Russia: NGOs strategize on legal capacity law reform

5 March 2010 Moscow (Russia) and Budapest (Hungary). Yesterday the Mental Disability Advocacy Center (MDAC) and the NGO "Independent Psychiatric Association of Russia" hosted a round table event in Moscow, Russia. The purpose was to strengthen civil society's understanding of the right to legal capacity, and to strategize on how to engage the authorities in law reform.

The twenty-five participants included people with mental health disabilities, NGO representatives, lawyers, psychiatrists, human rights activists and representatives of the ombudsman's office. The participants discussed key issues related to legal capacity - or guardianship - law reform including whether and how to abolish plenary (total) guardianship, the elements of partial guardianship, alternatives to guardianship, and the need for compliance between domestic laws and international human rights law. There was a mix of views, with some participants wanting to retain plenary guardianship, which strips the adult of all decision-making authority. MDAC advanced the position that plenary guardianship is never justified and that there can always be more proportionate and human rights-compliant alternatives. The participants also discussed strategies of engaging with policy-makers and legislators.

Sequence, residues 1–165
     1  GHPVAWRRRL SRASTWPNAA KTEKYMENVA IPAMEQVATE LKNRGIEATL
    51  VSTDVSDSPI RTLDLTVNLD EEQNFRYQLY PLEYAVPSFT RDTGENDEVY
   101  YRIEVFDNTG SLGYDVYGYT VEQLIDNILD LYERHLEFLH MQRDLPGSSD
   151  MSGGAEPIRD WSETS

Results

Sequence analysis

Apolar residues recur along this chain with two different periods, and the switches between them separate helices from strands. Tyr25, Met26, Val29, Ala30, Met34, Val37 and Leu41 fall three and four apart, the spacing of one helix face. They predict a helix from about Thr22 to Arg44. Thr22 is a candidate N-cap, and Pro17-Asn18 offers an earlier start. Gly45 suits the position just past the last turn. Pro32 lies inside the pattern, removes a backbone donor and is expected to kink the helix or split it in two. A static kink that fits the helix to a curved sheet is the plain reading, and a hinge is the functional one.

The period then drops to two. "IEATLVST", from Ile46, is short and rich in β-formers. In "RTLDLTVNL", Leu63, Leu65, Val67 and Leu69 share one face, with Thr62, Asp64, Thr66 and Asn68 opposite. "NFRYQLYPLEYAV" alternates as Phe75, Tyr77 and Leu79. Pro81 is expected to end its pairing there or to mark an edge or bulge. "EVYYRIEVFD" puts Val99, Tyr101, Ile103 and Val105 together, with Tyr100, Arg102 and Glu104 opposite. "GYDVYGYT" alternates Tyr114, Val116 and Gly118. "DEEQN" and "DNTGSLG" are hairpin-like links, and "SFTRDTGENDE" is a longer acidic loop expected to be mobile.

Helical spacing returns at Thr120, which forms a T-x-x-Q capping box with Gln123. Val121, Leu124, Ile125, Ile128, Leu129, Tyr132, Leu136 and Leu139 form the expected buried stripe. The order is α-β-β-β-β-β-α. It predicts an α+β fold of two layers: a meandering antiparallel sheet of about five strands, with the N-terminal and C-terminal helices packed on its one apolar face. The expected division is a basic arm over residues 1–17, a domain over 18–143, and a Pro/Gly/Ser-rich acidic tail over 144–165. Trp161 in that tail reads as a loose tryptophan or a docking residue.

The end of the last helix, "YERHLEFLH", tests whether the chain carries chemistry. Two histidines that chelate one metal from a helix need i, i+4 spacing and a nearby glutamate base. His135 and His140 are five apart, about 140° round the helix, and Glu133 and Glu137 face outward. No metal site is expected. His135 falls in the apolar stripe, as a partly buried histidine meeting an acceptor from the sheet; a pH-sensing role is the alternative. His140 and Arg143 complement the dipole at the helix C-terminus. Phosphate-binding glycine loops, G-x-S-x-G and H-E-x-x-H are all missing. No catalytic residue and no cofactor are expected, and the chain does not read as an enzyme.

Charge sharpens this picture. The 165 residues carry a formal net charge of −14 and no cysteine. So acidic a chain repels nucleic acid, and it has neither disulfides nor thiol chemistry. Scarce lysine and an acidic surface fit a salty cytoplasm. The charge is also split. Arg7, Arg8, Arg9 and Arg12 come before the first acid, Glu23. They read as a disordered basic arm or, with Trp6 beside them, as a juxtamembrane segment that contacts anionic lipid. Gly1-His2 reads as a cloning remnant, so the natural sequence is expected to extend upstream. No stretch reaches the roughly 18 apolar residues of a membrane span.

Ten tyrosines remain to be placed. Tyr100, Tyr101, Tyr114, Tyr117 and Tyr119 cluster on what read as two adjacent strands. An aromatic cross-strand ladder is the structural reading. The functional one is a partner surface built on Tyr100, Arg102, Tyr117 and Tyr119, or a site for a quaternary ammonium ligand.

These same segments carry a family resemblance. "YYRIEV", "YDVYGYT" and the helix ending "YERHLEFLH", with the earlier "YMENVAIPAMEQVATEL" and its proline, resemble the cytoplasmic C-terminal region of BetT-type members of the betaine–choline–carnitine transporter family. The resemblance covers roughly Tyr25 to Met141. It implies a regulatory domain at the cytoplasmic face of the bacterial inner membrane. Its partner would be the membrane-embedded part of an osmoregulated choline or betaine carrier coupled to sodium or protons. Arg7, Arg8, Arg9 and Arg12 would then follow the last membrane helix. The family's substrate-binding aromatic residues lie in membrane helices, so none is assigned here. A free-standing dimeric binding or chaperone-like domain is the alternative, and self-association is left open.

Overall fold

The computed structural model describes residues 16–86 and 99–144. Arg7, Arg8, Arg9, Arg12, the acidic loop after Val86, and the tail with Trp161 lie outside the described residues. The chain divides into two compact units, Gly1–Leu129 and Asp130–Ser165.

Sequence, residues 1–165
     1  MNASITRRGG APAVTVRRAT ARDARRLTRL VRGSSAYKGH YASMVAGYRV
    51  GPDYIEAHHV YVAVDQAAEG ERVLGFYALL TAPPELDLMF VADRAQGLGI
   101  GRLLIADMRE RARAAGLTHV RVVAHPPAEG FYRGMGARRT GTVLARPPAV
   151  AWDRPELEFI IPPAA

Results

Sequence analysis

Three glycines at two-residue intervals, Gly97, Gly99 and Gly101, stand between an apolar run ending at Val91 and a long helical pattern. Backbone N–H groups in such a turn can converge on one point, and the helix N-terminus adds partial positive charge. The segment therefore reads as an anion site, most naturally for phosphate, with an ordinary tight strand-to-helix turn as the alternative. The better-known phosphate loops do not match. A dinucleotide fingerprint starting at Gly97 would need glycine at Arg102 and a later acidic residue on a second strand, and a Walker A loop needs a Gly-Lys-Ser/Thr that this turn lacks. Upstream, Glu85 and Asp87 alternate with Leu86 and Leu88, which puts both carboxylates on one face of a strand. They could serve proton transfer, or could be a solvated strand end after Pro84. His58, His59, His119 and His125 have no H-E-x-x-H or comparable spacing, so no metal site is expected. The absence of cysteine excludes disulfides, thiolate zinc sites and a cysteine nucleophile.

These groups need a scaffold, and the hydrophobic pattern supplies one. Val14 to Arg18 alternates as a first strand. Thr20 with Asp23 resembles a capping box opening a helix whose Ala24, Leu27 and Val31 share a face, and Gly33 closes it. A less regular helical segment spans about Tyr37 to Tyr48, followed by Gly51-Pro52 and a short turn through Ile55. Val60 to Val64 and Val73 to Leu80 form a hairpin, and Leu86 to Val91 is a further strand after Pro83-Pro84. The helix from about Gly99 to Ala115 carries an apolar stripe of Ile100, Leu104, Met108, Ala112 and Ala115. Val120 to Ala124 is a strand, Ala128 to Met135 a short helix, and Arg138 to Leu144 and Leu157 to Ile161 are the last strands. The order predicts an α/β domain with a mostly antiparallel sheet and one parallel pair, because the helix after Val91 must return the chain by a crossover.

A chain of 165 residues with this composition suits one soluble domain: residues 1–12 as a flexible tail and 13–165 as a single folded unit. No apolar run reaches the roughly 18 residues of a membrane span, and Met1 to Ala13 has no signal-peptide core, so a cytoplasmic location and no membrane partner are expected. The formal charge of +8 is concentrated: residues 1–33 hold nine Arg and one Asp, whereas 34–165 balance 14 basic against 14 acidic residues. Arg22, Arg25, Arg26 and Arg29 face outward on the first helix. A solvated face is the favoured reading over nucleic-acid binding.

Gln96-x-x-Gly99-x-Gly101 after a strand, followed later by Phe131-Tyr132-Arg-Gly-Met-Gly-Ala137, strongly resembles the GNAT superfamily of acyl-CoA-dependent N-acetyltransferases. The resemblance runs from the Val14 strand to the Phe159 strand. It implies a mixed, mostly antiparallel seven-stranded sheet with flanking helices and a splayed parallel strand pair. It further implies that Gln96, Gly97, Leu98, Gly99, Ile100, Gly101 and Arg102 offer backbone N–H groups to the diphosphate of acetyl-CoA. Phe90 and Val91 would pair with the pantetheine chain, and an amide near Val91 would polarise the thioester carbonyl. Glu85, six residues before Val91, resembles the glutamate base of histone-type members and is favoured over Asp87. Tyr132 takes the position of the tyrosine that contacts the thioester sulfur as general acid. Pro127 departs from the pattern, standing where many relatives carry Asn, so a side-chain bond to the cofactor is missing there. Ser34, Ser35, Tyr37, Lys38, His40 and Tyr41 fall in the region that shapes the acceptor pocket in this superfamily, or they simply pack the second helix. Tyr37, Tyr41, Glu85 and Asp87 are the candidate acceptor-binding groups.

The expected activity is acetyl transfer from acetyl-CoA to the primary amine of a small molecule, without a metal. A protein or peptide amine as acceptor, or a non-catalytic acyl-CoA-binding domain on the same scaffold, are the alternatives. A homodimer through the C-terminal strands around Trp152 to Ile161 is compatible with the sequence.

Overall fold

The roundtable participants discussed the judgment of the European Court of Human Rights in Shtukaturov v. Russia (2008), the Russian Constitutional Court judgment in the same case in 2009, as well as the United Nations Human Rights Committee concluding observations in October 2009 - all initiatives which were spearheaded by MDAC and which add pressure to the Russian authorities to carry out legal capacity law reform. The Russian Federation has signed the United Nations Convention on the Rights of Persons with Disabilities, Article 12 of which guarantees the right of persons with disabilities to legal capacity. MDAC encourages the Russian Government to ratify this treaty to demonstrate to the Russian people as well as the international community that Russia is committed to take the necessary measures to ensure the rights of persons with disabilities, including those with intellectual disabilities and mental health disabilities.

The round table was organized in the framework of the project "Innovating mental disability rights law and advocacy in Russia" through grants to MDAC by the UK Government's Strategic Programme Fund and the Civil Rights Defenders, a Swedish NGO.

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